TBM staff negotiating with builder for Campus of Care project
The proposed Campus of Care project in The Blue Mountains has taken a significant step forward.
At its meeting on March 6, The Blue Mountains council passed a lengthy resolution (found here on the agenda) about the Campus of Care project proposed for property at 125 Peel Street. For the first time, the town publicly acknowledged that it is in negotiations with peopleCare Communities and SkyDev for the construction of the Campus of Care.
The project proposes a new long-term care centre built on the 32-acre property that includes the 160 long-term care beds allocated to The Blue Mountains by the province last year. The project would also include: a retirement residence, staff housing, a possible childcare facility, commercial components and environment and parkland features.
CAO Shawn Everitt delivered a full report to council that outlined the history of the proposal and its current status.
“I’m excited to be able to have this report in front of council,” Everitt said at the meeting.
PeopleCare and SkyDev were the lone proponents that were identified through the town’s request for pre-qualification process. However, their subsequent request for proposal submission did not meet the town’s mandatory minimum technical requirement. Everitt reported at the meeting that the proposal was strong enough that town staff continued negotiations with peopleCare and SkyDev about their concept for the project.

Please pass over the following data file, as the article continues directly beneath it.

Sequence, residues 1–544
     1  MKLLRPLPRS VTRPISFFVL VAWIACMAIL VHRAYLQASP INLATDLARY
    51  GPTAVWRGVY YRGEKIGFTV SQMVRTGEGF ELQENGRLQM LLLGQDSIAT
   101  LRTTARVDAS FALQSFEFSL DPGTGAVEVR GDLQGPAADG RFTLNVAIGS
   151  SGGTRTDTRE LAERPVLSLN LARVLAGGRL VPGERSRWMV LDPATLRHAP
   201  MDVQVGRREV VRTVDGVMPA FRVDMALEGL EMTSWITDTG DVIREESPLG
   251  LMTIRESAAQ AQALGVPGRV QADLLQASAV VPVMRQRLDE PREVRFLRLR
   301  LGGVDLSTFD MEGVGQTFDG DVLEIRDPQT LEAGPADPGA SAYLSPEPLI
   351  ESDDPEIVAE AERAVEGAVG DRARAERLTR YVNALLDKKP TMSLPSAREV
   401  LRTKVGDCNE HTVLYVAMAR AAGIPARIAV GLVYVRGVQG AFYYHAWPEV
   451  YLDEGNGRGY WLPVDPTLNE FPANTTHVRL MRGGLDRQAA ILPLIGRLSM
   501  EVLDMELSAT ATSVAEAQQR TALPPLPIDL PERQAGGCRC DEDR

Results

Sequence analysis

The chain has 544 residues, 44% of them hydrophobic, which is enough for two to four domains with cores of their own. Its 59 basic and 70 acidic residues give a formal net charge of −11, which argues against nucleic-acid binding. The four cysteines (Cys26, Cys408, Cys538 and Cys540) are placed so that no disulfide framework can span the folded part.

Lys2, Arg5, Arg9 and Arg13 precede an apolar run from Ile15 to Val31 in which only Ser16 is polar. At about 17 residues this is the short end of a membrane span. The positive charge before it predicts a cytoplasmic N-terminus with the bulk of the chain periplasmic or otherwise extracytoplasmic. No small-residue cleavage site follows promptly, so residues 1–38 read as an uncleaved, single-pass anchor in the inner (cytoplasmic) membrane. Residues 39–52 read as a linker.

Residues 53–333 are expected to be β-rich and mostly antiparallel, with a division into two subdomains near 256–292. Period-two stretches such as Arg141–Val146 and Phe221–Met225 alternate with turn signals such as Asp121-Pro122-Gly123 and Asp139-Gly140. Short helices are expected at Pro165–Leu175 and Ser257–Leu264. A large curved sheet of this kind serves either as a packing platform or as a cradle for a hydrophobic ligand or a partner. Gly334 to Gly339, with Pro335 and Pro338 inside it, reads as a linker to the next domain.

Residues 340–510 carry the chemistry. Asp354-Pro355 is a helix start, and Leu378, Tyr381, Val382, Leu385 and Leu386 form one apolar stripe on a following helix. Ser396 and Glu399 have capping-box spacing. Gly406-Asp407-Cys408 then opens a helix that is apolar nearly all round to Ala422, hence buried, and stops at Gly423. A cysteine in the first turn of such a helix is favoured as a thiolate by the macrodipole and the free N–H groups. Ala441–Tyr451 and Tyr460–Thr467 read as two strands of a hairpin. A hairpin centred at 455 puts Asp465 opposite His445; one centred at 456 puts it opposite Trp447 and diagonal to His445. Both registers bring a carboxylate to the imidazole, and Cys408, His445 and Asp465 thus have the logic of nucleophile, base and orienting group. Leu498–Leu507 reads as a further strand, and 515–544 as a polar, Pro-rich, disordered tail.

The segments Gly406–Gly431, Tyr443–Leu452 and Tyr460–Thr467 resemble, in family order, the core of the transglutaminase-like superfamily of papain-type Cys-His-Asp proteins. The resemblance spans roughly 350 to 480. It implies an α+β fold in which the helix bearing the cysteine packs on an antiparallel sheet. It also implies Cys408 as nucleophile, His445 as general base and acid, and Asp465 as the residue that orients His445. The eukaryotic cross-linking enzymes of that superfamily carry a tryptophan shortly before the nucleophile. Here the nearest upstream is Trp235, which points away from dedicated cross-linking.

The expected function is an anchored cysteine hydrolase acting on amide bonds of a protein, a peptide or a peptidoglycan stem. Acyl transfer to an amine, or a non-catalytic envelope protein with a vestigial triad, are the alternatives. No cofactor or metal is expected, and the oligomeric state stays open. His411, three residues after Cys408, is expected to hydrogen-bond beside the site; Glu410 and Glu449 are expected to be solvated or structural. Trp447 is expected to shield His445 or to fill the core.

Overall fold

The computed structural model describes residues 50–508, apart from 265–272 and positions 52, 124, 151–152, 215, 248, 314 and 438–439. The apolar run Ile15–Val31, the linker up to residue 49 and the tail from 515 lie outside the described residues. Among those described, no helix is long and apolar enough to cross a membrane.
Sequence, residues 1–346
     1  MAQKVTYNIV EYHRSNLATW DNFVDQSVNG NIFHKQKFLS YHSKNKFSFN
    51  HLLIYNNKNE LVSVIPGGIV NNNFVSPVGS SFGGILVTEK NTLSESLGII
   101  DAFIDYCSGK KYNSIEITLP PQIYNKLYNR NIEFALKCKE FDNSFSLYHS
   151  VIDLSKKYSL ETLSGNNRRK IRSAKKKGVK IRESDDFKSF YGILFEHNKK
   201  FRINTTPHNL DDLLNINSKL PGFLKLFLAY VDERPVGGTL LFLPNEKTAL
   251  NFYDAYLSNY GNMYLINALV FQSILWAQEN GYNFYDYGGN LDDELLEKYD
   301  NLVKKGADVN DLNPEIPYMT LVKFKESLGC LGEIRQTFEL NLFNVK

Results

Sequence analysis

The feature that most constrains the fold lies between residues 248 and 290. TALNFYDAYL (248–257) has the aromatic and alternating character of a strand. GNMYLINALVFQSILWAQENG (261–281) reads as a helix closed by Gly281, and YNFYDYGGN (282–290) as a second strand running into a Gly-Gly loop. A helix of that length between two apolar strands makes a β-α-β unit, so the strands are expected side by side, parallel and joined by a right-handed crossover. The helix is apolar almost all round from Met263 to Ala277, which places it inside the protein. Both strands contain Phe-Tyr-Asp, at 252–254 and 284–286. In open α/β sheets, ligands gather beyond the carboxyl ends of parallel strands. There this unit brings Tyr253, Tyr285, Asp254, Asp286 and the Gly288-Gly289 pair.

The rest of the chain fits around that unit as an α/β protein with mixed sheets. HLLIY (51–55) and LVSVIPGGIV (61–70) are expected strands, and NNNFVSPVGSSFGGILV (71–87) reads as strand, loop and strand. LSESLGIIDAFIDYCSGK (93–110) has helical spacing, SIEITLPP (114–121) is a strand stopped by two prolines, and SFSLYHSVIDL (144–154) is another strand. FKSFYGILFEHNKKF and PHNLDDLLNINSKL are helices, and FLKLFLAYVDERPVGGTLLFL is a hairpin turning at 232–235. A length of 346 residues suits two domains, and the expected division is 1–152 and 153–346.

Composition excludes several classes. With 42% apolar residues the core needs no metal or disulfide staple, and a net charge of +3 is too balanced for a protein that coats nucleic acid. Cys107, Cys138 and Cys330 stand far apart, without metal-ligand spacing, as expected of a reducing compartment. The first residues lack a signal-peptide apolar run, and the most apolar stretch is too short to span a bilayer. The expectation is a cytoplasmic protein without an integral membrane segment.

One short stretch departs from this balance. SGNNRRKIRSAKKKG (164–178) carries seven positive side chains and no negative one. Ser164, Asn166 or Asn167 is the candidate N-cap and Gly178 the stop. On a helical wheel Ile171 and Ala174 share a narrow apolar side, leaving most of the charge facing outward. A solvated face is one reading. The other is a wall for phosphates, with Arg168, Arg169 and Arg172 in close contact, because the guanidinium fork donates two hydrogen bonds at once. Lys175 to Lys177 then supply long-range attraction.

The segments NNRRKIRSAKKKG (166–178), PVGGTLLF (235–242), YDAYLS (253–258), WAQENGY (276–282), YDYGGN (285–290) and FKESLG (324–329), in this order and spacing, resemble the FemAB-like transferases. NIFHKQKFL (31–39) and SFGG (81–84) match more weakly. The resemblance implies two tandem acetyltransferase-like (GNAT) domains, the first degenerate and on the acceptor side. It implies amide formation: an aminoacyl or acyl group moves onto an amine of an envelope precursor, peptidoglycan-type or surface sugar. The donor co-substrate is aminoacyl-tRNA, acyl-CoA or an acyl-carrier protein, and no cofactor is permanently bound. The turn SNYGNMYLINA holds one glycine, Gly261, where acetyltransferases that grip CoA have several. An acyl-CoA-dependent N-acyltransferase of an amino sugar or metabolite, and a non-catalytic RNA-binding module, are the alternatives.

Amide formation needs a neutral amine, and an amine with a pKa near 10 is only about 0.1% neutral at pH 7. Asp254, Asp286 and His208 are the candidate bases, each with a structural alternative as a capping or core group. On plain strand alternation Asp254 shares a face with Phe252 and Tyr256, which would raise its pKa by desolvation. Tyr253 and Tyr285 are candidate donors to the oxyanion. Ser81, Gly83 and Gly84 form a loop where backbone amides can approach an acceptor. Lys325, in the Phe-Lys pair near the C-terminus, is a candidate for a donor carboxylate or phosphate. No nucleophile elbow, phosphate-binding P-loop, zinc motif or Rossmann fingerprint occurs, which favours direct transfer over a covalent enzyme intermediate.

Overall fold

“Staff have worked very diligently and those discussions have moved forward,” said Everitt.
The Ministry of Long-Term Care has also been involved in the review process and the town continues to work with the Ministry of Municipal Affairs and Housing on its community housing infrastructure accelerator application. The accelerator program is replacing the minister’s zoning order (MZO) process.
“That in itself has been an interesting process. We are the first to go through a (community housing infrastructure order) application,” said Everitt.
Included in the resolution unanimously passed by council was the provision that the acceptable height of the proposed labour force housing project at the Campus of Care would be five stories and after completion of the project that town would be left with six acres of developable land at the property - this is down from the town’s initial request of 10 aces.
The town has also invited peopleCare and SkyDev to make a full presentation about their plans for the Campus of Care at an open session of council in order to share the plans for the project with the public.
The CAO described the conversations with peopleCare and SkyDev as “very positive.”
“They have a clear understanding of what we’re looking for in the next round of concepts,” Everitt said. “They’ve listened and they have been responsive.”
Council, which had been briefed about the situation at a closed session on Jan. 23, was pleased that the status of the Campus of Care is now public.
“We needed this, especially the new council. And the public needs this information,” said coun. Alex Maxwell.
“It does answer a lot of questions,” said Deputy Mayor Peter Bordignon.
The next step for the project will be scheduling a special meeting for peopleCare and SkyDev to publicly present the proposal to council and the public. Everitt also noted processes remain in place for site plan control of the proposal and the disposition of any of the lands at 125 Peel Street.
“It’s important the public sees what is being proposed,” he said.
Mayor Andrea Matrosovs thanked town staff for their hard work on the project. In his report, Everitt said staff had spent more than 1,000 hours on the Campus of Care project.
“Thank you for the thousand hours so far,” said Matrosovs. “This is one step closer to being able to bring it out to council at committee of the whole.”
Chris Fell, Local Journalism Initiative Reporter, CollingwoodToday.ca